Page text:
Using public transportation is recommended. The market is about ten minutes by foot downhill from the Hauptbahnhof (main train station). It is open daily 10 a.m. to 9 p.m., finally closing at 2 p.m. on Christmas Eve. Detailed information in English can be found at www.christkindlesmarkt.de
Once a year, the medieval town of Rothenburg is transformed into a winter wonderland during the annual Reiterlesmarkt; this wonderful Christmas market has been the highlight of the festive Christmas season in Rothenburg since the 15th century. Today the narrow and winding streets and the squares around the Town Hall, its archways and the market square are still lined with stalls where one can find almost anything associated with a German Christmas market: pastries, white mulled wine and handcrafted decorations.
The Rothenburg Reiterlesmarkt is open Nov. 26 through Dec. 23; opening hours are Sunday through Thursday 11 a.m. – 7 p.m. and Friday and Saturday 11 a.m. – 8 p.m. For further information about the Rothenburg market contact the Rothenburg Tourismus Service on Marktplatz 2 at 09861-404-800 or email@example.com, or visit the website at www.tourismus.rothenburg.de
Christmas in the Fichtelgebirge
The Fichtelgebirge is a low mountain range north of Nürnberg; in winter it offers not only skiing, sledding and hiking opportunities (weather permitting), but several small Christmas markets. Bayreuth’s Christkind opens the market at the end of November (Nov. 22 – Dec. 23); a Lebkuchen market is hosted by the town of Rehau (Nov. 26-28), with bakers from Germany, Czech and Poland offering their seasonal goods. The Marktredwitz Advent Magic in the Stadtpark with decorated booths, live music, events for children and culinary delights takes place Thursday through Sunday Nov. 25 – Dec. 19. The Bischofsgrün Weihnachtsmarkt, framed by the Schneeberg and Ochsenkopf mountains, takes place the second advent Sunday (Dec. 5).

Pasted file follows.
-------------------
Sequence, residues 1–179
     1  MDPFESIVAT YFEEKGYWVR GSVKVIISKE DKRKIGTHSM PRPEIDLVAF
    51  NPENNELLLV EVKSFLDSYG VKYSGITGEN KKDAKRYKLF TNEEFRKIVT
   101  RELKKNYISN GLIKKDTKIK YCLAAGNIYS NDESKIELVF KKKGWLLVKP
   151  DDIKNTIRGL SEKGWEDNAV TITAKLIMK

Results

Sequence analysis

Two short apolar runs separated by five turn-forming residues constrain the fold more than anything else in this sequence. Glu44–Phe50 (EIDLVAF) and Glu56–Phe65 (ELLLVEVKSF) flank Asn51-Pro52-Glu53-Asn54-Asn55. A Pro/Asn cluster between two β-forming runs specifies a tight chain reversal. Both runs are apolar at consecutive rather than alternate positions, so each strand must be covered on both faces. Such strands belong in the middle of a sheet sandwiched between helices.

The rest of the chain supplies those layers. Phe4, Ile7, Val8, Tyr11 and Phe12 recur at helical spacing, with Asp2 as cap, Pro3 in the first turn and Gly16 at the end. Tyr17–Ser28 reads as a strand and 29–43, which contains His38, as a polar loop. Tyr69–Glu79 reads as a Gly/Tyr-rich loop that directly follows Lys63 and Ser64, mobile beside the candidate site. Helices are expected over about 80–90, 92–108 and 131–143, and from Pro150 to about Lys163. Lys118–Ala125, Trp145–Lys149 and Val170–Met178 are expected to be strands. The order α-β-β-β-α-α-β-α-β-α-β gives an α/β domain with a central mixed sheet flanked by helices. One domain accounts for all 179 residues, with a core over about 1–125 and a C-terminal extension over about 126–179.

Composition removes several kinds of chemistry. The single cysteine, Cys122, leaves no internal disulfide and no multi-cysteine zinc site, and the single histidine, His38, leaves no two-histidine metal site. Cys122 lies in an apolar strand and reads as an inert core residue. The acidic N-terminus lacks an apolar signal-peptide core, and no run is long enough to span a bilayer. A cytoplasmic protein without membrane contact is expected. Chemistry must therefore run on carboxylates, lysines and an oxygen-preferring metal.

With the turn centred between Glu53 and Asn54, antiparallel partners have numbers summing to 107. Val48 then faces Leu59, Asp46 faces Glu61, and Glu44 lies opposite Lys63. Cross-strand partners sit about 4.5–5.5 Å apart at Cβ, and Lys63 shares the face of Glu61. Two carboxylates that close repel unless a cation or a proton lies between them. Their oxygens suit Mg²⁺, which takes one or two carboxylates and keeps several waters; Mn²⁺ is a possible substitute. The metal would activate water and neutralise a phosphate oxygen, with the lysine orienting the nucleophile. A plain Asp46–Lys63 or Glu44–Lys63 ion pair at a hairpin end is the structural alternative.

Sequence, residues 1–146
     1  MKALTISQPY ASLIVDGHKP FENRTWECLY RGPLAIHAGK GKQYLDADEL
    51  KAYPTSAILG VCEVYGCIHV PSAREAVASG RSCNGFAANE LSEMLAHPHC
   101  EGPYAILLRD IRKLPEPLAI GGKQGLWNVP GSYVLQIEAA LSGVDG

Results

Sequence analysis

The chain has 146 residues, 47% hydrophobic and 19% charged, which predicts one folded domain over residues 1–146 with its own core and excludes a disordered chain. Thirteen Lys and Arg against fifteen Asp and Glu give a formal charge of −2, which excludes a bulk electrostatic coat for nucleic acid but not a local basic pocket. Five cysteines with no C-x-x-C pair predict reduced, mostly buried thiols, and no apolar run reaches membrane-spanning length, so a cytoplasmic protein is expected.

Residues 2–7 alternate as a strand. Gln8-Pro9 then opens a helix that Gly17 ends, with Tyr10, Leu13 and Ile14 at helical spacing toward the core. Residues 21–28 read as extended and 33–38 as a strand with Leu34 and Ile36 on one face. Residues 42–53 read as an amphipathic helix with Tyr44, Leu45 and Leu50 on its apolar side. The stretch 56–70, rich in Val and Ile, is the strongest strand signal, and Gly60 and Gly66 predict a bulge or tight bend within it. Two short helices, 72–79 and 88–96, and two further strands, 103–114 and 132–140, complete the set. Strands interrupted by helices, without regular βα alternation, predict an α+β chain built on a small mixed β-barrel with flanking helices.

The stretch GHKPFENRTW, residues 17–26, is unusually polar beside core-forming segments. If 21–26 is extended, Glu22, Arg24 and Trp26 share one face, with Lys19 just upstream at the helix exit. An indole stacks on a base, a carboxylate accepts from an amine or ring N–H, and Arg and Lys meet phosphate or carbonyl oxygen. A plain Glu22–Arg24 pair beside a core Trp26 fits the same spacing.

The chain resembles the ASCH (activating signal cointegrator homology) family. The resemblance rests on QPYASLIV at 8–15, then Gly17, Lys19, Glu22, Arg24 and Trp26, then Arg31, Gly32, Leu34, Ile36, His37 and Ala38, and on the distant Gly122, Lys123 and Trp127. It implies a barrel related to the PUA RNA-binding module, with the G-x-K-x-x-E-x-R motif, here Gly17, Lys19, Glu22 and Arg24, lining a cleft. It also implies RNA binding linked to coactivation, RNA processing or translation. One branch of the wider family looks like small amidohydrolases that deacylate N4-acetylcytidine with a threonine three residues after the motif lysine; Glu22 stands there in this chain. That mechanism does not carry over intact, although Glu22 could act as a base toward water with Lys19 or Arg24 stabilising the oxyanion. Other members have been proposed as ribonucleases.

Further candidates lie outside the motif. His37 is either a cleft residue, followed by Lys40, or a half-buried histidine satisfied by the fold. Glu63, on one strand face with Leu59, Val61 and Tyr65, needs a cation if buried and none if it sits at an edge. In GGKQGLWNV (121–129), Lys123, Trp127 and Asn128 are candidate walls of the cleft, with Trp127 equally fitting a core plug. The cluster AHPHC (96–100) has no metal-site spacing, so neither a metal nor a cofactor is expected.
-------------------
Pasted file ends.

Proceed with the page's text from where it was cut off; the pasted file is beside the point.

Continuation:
Winter fun at Playmobil FunPark in Zirndorf
The Playmobil FunPark in Zirndorf is offering Winterzauber, a magical winter event, from Nov. 27, 2021 to March 6, 2022. There will be two ice skating rinks with disco music and skates for rent; the kids can dig for treasures in the pirate laguna or go warm up in the indoor play city.
The park will be closed for the holidays Dec. 24-26, Dec. 31 and Jan. 1. Admission only with prepurchased online tickets. For more information visit www.playmobil-funpark.de
Romantic Christmas Market in Anwanden, Gut Wolfgangshof
More than 100 crafters and vendors display their products in rustic huts, a cow stable, a grain hall or in a hay attic at the Christmas market in Gut Wolfgangshof (Weitersdorfer Str. 22) in Anwanden, a little town between Nürnberg and Ansbach. The market is open Dec. 3-5, 10-12 and 17-19. Opening hours are Fridays 3 – 8 p.m. and Saturday and Sunday noon to 8 p.m. Admission prices vary from 7 euros for adults to 1 euro for children 6 to 15 years; youngsters under six enter for free. 2-G rules apply (vaccinated or recovered). To learn more, visit www.gut-wolfgangshof.de